A worker works on a production line to make electrical products for the domestic and Southeast Asian markets in Hai’an, a city in east China’s Jiangsu Province, on March 29, 2021.
Costfoto | Barcroft Media | Getty Images
According to an economist, the Covid-19 resurgence in some parts of Asia could transform China’s wealth.
Previously, the US-China trade war had resulted in companies moving their supply chains out of China and relocating their production and distribution networks for products and services. As a result, countries like Vietnam and India benefited when companies opened stores in their countries.
However, according to Zhang Zhiwei, chief economist at Pinpoint Asset Management, the situation appears to be changing and supply chains may return to China as cases increase in India and Vietnam.
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“Before the pandemic, we saw factories move out of China – Samsung, Foxconn, these big names – and establish factories in Vietnam, India,” he told CNBC’s Street Signs Asia on Monday.
The surge in cases in these two countries has forced the factories of Taiwanese contract manufacturer Foxconn, a major Apple supplier, to shut down facilities in India and Vietnam, he said.
“This could put the supply chain shift on hold for some time. The main problem with this is that international travel is suspended so multinationals cannot send their employees to India and Vietnam to build new factories,” added Zhang.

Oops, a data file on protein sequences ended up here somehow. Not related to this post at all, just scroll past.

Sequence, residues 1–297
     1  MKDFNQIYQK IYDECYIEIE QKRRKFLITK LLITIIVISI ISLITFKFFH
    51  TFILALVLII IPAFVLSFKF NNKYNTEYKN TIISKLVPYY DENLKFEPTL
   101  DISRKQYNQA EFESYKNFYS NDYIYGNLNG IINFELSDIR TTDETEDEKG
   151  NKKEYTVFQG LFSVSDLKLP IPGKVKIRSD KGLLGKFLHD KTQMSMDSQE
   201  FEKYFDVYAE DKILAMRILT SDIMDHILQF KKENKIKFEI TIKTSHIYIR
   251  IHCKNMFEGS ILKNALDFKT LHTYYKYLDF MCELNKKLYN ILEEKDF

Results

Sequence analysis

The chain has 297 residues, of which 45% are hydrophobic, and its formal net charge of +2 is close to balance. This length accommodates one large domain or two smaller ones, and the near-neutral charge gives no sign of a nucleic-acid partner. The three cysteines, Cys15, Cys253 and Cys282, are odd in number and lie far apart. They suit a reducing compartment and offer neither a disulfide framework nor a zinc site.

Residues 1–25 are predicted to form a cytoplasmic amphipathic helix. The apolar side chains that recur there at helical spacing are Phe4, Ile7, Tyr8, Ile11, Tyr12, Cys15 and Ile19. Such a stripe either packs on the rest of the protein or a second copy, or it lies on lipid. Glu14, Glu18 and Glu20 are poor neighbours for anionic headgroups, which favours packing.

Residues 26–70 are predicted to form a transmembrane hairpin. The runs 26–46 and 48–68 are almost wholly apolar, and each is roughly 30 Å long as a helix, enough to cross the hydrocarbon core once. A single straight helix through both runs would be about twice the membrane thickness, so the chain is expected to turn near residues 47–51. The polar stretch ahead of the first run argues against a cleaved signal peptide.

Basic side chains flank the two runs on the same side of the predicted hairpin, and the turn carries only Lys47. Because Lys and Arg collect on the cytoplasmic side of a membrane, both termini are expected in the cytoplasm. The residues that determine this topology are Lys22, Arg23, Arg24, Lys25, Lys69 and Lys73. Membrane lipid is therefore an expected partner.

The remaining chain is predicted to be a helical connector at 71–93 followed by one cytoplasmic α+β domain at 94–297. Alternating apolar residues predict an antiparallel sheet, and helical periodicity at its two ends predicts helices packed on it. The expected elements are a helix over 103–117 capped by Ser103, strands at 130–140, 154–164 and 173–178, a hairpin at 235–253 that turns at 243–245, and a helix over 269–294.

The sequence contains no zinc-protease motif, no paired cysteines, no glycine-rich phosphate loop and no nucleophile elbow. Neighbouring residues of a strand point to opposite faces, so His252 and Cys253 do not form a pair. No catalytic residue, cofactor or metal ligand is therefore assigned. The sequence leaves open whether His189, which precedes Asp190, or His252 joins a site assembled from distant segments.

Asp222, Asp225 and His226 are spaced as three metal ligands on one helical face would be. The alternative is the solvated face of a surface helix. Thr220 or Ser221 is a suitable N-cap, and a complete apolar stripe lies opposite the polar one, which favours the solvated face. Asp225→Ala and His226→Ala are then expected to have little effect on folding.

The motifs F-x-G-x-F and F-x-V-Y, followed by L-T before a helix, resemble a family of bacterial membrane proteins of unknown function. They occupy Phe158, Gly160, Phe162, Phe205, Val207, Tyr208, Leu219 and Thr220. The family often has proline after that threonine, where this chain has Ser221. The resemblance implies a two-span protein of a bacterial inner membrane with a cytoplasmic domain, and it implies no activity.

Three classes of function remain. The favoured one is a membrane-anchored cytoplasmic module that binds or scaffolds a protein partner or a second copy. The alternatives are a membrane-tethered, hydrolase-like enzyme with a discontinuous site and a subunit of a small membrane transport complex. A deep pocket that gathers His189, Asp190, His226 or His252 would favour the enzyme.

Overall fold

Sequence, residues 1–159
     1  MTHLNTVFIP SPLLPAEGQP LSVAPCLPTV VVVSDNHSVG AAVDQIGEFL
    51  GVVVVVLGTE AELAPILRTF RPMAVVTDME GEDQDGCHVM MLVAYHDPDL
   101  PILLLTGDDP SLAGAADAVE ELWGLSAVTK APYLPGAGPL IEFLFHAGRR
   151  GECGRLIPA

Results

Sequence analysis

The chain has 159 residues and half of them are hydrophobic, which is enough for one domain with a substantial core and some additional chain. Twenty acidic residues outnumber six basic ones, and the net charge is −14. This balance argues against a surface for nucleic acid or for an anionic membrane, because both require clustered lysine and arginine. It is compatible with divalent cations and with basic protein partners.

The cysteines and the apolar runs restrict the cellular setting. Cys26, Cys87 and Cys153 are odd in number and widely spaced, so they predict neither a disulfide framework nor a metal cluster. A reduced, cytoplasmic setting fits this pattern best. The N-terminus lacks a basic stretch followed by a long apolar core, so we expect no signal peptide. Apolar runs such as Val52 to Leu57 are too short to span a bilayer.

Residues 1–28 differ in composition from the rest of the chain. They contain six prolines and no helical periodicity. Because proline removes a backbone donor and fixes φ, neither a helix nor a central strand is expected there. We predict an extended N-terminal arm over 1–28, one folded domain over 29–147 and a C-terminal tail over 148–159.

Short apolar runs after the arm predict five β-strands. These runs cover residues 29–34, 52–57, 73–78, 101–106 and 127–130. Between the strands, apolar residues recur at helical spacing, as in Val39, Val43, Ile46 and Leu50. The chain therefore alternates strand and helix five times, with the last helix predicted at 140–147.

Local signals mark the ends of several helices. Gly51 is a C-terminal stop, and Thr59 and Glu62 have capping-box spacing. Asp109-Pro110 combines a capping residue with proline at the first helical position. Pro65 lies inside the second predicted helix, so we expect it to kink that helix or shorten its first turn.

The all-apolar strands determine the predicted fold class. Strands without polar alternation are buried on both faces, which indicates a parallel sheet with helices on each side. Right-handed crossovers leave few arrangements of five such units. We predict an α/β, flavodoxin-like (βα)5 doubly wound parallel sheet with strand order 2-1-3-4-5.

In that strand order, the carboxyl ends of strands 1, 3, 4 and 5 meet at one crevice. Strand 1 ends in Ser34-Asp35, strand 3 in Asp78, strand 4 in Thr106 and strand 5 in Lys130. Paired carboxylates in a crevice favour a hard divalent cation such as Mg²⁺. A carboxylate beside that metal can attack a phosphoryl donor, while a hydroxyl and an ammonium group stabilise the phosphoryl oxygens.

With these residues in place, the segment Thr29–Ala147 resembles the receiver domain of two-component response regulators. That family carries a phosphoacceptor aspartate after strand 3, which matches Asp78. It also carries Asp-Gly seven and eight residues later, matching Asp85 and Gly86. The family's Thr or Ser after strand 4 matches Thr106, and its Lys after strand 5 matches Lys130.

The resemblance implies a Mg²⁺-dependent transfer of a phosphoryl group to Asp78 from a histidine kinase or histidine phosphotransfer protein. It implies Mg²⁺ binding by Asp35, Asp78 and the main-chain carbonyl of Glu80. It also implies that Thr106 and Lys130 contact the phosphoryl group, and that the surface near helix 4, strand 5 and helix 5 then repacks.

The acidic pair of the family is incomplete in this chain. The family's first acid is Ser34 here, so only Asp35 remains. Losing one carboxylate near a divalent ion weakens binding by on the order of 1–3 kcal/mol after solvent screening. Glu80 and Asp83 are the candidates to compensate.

The cases in India reached record highs in April and showed little sign of significant easing. Economists have predicted that the South Asian economy is likely to contract this quarter.
In Vietnam, northern Bac Giang province on Tuesday temporarily shut down four industrial parks – including three that house Taiwan’s Foxconn production facilities – due to a Covid-19 outbreak.
The situation could benefit China, suggested Zhang. However, he noted that the extent to which China can win will depend on how long the situation in India and Vietnam lasts.
Currently, export growth in China is between 20% and 40% per month, he said. If factories in India and Vietnam go back to production very soon, China’s exports are likely to slow in the second half of the year as companies move production to these two countries.
“But if the supply chain (in India and Vietnam) is interrupted for an extended period of time, that export growth of 20% to 30% (in China) could continue into next year,” said Zhang.